Parliament is back, and it's game-on again as the NBN debate comes down to crunch time. Tony Abbott still believes the NBN is for interactive gambling and downloading pirated movies, but he couldn't find even $1 to cut from his $2 billion list of budget savings. Given his ever patchier financial and technical record, can he unite his party behind a more coherent NBN opposition — or will his tendency towards bluster and blind opposition end up as a free kick for Labor?
There is a scene in the comedy Paul Blart: Mall Cop where the hypoglycaemic protagonist gets into a bar nacho-eating contest and inadvertently downs several margaritas to counter the burning-hot chillies he has just eaten. Chaos, naturally, ensues and his friends quickly progress from cheering admiration to I-don't-know-you-please-don't-chuck-on-me disgust as the sugar rush fuels progressively weirder behaviour before Blart passes out on the dance floor.
Watching Tony Abbott's rhetoric in recent weeks, I couldn't help but think of poor Paul, who just wants to be liked but ends up with people staring as he plays with a friend's nose and struggles to get his straw into his mouth.
Tony Abbott risks giving Labor a free kick unless he can tone down his bizarre hyperbole and mount a coherent NBN offensive. (Screenshot by David Braue/ZDNet Australia)
Our opposition leader, after all, has built a leadership style around attacking the current government on anything and everything it does, then offering vague and often laughable alternatives that only make Labor look even better. This was on coherent display Tuesday, when Abbott and Joe Hockey held a press conference in which they shared their list of cuts and spending deferrals to a range of environmental, education, healthcare, civil works and other programs.
One of the most interesting things about this $2.065 billion list — apart from the fact that almost nobody seems to be buying it — is that it doesn't mention the National Broadband Network (NBN) anywhere. Not once. At all.
For someone who had barely waited for the Queensland rains to stop before he began calling for the NBN to be scrapped to fund flood relief, that's a white elephant-sized omission. Worse still for the Liberals' fight against the NBN, it confirms what Stephen Conroy has been saying loud and clear: that the NBN isn't a straight budget item that can simply be pared down or slashed out altogether. That Abbott and Hockey couldn't find even $1 to divert from the NBN, effectively sees Abbott ceding yet more ground in what has turned out to be a largely ineffective fight against Labor and the NBN. So far, Abbott's blind opposition to the NBN has been as effective as a mosquito trying to drink from the hindquarters of said white elephant.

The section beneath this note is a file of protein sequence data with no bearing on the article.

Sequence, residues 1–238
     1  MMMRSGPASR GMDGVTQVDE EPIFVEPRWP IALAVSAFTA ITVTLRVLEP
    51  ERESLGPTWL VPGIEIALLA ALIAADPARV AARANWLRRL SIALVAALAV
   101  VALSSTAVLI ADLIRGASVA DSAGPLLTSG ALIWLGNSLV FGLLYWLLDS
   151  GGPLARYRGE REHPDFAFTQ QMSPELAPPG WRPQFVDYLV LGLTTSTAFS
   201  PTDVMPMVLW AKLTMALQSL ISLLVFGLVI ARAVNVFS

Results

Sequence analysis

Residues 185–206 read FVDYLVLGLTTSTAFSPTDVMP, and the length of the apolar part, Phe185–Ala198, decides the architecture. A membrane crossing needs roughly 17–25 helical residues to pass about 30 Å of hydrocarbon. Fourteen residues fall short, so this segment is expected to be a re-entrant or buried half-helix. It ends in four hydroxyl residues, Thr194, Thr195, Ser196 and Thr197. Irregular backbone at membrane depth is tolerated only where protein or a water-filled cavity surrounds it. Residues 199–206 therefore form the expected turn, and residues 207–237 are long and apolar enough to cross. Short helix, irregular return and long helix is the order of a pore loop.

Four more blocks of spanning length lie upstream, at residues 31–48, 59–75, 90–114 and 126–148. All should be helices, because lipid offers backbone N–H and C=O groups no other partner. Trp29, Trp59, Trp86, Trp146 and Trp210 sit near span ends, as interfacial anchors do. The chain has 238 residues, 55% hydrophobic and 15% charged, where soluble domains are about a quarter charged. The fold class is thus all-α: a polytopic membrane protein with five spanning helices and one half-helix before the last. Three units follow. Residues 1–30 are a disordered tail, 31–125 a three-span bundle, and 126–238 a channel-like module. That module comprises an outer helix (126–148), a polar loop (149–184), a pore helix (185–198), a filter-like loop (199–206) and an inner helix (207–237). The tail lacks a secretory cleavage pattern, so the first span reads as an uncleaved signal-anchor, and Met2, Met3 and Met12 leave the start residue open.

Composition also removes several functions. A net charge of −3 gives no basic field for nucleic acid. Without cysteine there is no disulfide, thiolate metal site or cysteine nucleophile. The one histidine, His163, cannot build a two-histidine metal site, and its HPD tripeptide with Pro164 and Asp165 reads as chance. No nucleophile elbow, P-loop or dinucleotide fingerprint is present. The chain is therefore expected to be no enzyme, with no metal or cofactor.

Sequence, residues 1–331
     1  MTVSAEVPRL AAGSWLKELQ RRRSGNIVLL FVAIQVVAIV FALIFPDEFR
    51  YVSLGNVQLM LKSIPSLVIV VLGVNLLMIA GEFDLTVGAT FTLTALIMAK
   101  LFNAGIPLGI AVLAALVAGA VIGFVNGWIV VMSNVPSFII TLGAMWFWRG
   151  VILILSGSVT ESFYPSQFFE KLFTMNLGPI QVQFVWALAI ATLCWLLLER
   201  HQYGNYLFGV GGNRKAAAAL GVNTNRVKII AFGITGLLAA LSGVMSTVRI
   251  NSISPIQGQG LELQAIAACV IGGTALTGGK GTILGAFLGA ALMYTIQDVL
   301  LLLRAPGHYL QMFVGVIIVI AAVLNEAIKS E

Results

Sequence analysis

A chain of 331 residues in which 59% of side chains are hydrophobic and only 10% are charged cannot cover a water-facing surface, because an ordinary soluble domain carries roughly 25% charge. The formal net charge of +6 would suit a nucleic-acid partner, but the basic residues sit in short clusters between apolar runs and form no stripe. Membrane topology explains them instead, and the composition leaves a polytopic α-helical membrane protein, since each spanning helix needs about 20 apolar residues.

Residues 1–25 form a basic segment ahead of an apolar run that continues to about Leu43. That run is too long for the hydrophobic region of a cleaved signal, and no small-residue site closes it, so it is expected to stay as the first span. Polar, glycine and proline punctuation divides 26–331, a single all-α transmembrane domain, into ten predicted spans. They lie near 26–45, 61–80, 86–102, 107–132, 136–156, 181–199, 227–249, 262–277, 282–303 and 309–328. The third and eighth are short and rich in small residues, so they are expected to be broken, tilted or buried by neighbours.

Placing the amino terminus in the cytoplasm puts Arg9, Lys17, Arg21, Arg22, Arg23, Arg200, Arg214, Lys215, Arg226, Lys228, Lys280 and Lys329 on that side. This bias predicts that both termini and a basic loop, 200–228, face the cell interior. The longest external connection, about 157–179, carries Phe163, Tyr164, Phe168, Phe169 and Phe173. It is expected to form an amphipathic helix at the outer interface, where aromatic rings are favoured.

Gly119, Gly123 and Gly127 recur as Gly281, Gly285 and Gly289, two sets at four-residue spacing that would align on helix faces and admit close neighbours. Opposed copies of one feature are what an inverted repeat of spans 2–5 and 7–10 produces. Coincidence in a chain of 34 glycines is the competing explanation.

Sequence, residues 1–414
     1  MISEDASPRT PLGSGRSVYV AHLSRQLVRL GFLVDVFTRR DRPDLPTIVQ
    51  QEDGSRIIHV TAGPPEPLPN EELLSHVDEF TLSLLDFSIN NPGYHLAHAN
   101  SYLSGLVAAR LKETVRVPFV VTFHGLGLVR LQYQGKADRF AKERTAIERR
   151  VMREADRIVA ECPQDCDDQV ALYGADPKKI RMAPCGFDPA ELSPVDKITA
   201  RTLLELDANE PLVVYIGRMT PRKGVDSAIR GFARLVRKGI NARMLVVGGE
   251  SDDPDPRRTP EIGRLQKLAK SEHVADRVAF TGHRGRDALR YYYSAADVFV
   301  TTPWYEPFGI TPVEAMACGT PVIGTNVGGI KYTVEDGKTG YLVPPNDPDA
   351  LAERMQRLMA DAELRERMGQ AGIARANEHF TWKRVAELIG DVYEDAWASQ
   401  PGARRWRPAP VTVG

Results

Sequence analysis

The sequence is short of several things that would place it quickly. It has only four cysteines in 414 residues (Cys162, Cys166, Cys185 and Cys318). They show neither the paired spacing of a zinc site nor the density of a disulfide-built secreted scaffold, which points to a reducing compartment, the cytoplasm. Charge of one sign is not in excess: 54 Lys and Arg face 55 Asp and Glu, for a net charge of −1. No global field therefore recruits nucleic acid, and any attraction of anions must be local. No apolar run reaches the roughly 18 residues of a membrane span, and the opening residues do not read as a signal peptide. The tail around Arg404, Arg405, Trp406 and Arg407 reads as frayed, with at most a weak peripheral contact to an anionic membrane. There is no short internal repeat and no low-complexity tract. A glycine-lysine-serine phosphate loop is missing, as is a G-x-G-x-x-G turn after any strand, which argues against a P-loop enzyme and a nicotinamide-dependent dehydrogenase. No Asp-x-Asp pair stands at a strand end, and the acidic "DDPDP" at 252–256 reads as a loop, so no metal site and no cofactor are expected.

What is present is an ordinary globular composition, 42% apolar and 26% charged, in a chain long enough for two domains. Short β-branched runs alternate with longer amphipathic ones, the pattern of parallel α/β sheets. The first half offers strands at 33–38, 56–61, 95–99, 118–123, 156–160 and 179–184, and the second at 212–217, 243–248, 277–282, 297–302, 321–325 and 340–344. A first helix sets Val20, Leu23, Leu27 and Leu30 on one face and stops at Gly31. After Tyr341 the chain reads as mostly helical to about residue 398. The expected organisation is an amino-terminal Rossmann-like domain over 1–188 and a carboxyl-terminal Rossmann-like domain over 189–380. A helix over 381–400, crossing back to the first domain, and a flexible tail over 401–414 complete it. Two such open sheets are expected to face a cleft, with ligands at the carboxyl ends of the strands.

Whether this is due to a lack of financial nous or continuing misunderstandings about the NBN, is hard to ascertain. Abbott wears the "I'm no Bill Gates" mantle with pride, and has repeatedly shown either that he's unafraid of speaking what he believes to be the God's-honest truth — or that he truly has no idea about the internet and telecommunications in general. In a society that is among the world's most eager adopters of the internet, that's about as acceptable as showing up at a comic-book convention without a working knowledge of the genesis of Batman.
Not only is Abbott no Bill Gates when it comes to technical detail, but his latest pronouncements are starting to make him sound like the Reverend Fred Nile.
Yet even after his repeated cries against what he sees as a glorified entertainment network (a phrase that could often be just as effectively levelled at parliament), Abbott recently managed to top even himself by vilifying the NBN as a conduit for "more interactive gambling". Not only is Abbott no Bill Gates when it comes to technical detail, but his latest pronouncements are starting to make him sound like the Reverend Fred Nile.
"Interactive gambling" has become to Tony Abbott what "spams and scams coming through the portal" is for Stephen Conroy — a catchphrase that highlights the ineptitude with which both men's detractors can paint them.
Even as the media's amusement with that gaffe died down, Abbott trumped himself yet again by declaring that he would appeal for donations from Liberal Party loyalists to help it fight the Labor Government's regrettable but important flood levy. Cashing in on the disaster is, the opposition leader apparently believes, more important than supporting flood relief efforts that have affected hundreds of thousands of Australians. It took days for Abbott to admit it was in bad taste — just long enough for yet another slip of the tongue to get him in trouble, yet again, in Channel 7's "shit happens" beat-up.